The development of ideas and sharing them among staff has been speeded up exponentially according to the vice president of Google Enterprise.
Sebastien Marotte told the BBC, as part of its Future of Work series, that social media, mobile working and the invention of cloud computing have accelerated the world of work.
He said that communicating online is becoming normal for many people and current issues which prevent it running as smoothly as it could do will be ironed out over time.
The breakdown of traditional work practices is just beginning and the future of how jobs are done is just starting to emerge.
In a study which the Future Foundation carried out for Google, it identified three key areas to watch for the future of business.
These were communication, 100 per cent mobile working via the web and social tools, which many businesses are only just beginning to understand the potential of.
Mr Marotte said: “Collaboration may seem like a buzzword, but many organisations are already developing cultures that encourage people to work together across locations and borders, using social, mobile and cloud technologies.”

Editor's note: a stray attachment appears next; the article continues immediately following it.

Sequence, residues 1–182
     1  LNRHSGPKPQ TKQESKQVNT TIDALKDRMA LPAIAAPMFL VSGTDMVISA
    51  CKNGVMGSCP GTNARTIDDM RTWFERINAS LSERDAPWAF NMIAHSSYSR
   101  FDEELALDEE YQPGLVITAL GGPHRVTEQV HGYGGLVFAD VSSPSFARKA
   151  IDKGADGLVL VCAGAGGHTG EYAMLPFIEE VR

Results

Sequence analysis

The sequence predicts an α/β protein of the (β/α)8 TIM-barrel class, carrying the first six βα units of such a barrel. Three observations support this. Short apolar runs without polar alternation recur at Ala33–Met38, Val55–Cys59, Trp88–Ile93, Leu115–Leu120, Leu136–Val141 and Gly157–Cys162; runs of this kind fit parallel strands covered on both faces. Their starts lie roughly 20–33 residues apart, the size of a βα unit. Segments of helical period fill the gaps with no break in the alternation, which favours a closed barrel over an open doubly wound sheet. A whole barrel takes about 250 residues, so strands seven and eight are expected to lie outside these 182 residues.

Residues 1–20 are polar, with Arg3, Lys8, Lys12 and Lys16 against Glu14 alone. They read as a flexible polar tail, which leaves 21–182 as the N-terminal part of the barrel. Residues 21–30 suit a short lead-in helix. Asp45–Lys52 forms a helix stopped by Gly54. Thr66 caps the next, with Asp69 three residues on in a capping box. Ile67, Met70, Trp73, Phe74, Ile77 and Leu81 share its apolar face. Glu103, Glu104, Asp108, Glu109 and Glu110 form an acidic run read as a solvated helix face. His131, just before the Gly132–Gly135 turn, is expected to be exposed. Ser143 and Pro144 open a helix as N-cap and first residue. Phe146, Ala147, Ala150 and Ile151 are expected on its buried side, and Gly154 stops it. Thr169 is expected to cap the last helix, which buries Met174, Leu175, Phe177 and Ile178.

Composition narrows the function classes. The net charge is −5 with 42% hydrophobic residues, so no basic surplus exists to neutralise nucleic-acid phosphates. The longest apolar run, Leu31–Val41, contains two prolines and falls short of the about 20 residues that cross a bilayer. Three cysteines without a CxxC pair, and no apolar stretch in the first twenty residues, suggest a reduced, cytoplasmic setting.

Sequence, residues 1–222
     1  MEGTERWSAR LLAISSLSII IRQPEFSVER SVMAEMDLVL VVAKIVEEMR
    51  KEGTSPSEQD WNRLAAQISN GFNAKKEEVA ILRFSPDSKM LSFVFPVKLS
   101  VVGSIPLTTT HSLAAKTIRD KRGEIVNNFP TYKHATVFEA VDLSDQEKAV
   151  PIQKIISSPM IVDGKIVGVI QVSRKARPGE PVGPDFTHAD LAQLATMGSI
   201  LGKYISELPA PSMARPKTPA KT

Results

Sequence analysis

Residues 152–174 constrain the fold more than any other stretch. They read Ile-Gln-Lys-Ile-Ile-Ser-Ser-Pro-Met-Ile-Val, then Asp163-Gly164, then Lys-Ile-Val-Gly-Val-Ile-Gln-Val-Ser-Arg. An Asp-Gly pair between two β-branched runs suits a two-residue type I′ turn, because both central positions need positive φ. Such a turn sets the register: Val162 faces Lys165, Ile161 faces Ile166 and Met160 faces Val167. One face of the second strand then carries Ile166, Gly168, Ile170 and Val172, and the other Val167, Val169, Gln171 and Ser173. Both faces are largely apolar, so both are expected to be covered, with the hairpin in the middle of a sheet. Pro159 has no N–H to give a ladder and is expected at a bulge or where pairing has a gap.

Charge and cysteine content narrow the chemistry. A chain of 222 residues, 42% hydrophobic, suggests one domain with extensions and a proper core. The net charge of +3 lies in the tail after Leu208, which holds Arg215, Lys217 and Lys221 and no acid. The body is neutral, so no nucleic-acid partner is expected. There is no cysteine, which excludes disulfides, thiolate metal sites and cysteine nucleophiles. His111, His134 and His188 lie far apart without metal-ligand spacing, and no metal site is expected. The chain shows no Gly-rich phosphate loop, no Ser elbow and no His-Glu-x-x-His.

The research confirmed that collaborative working leads to innovation and that in future there is more likely to be emphasis given to good ideas over performance targets.
Many staff currently feel that their employers do not make the best use of technology and that they prefer some of their own devices.
The development of devices mean staff can work from anywhere, any time, though the study found that some staff still enjoy the social interaction associated with an office atmosphere.
In the future companies need to see social media as an important business tool as opposed to a diversion which staff must be kept away from.
The potential for marketing, networking and increased productivity which social tools represents cannot be ignored.
This summer’s Olympic Games is expected to see the future of working practices brought into place as more people practice flexible and mobile working due to pressures put on public transport.